Mailing list - 19th century style

Hinrich Kuhls kls at
Sat Jan 6 12:13:49 MST 2001

At 10:45 06.01.01 -0500, Dennis Pilon wrote:

>[T]he left has always been built up by 'difficult personalities'.
>I'm talking about people we all know: people who are alternatively or
>simultaneously intelligent and dogmatic, generous and petty, committed and
>a bit of a loner.  These people talk out of turn, they don't respect social
>niceities, and can be very hard to get along with.

Circulation Letter
from Marx and Engels to Bebel, Liebknecht, Bracke, and others,
September 17-18, 1879


It is an inevitable phenomenon, rooted in the course of development, that
people from what have hitherto been the ruling classes should also join the
militant proletariat and contribute cultural elements to it. We clearly
stated this in the Manifesto. But here there are two points to be noted:

First, in order to be of use to the proletarian movement these people must
also bring real cultural elements to it. But with the great majority of the
German bourgeois converts that is not the case. Neither the Zukunft
[Future] nor the Neue Gesellschaft [New Society] have contributed anything
which could advance the movement one step further. Here there is an
absolute lack of real cultural material, whether concrete or theoretical.
In its place we get attempts to bring superficially adopted socialist ideas
into harmony with the most varied theoretical standpoints which these
gentlemen have brought with them from the university or elsewhere, and of
which, owing to the process of decomposition in which the remnants of
German philosophy are at present involved, each is more confused than the

Instead of thoroughly studying the new science themselves to begin with,
each of them preferred to trim it to fit the point of view he had already,
made a private science of his own without more ado and at once came forward
with the claim that he was ready to teach it. Hence there are about as many
points of view among these gentry as there are heads; instead of producing
clarity in a single case they have only produced desperate
confusion--fortunately almost exclusively among themselves. Cultural
elements whose first principle is to teach what they have not learnt can be
very well dispensed with by the Party.

Secondly. If people of this kind from other classes join the proletarian
movement, the first condition is that they should not bring any remnants of
bourgeois, petty-bourgeois, etc., prejudices with them but should
whole-heartedly adopt the proletarian point of view. But these gentlemen,
as has been proved, are stuffed and crammed with bourgeois and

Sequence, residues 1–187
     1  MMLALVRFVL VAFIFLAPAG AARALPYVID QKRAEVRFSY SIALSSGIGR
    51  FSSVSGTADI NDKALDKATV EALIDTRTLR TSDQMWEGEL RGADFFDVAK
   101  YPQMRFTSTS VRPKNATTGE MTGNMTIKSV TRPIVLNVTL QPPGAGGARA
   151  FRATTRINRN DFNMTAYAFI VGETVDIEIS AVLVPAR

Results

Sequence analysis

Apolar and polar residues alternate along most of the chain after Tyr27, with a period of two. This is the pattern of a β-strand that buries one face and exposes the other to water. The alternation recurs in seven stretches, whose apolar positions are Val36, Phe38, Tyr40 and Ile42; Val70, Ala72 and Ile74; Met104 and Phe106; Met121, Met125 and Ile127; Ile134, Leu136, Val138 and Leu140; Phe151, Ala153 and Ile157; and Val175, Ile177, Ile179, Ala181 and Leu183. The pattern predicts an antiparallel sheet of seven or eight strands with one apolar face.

petty-bourgeois ideas. In such a petty-bourgeois country as Germany these
ideas certainly have their own justification. But only outside the
Social-Democratic Workers' Party.  If these gentlemen form themselves into
a Social-Democratic Petty-Bourgeois Party they have a perfect right to do
so; one could then negotiate with them, form a bloc according to
circumstances, etc. But in a workers' party they are an adulterating element.

If reasons exist for tolerating them there for the moment, it is also a
duty only to tolerate them, to allow them no influence in the Party
leadership and to remain aware that a break with them is only a matter of
time. The time, moreover, seems to have come. How the Party can tolerate
the authors of this article in its midst any longer is to us
incomprehensible. But if the leadership of the Party should fall more or
less into the hands of such people then the Party will simply be castrated
and proletarian energy will be at an end.

As for ourselves, in view of our whole past there is only one path open to
us. For almost forty years we have stressed the class struggle as the
immediate driving force of history, and in particular the class struggle
between the bourgeoisie and the proletariat as the great lever of the
modern social revolution; it is therefore impossible for us to co-operate
with people who wish to expunge this class struggle from the movement. When
the International was formed we expressly formulated the battle-cry: the
emancipation of the working class must be achieved by the working class
itself. We cannot therefore co-operate with people who say that the workers
are too uneducated to emancipate themselves and must first be freed from
above by philanthropic bourgeois and petty bourgeois. If the new Party
organ adopts a line corresponding to the views of these gentlemen, and is
bourgeois and not proletarian, then nothing remains for us, much though we
should regret it, but publicly to declare our opposition to it and to
dissolve the solidarity with which we have hitherto represented the German
Party abroad. But it is to be hoped that things will not come to that.

September 17-18, 1879
A Private Circulation Letter from Marx and Engels
(First drafted by Engels) to Germany's Social-Democratic leadership --
Bebel, Liebknecht, Fritzsche, Geiser, Hasenclever, Bracke.
This was in response to an August 1879 article written by Karl Hochberg,
Eduard Bernstein, and Carl August Schramm, entitled "Retrospects on the
Socialist Movement in Germany".

More information about the Marxism mailing list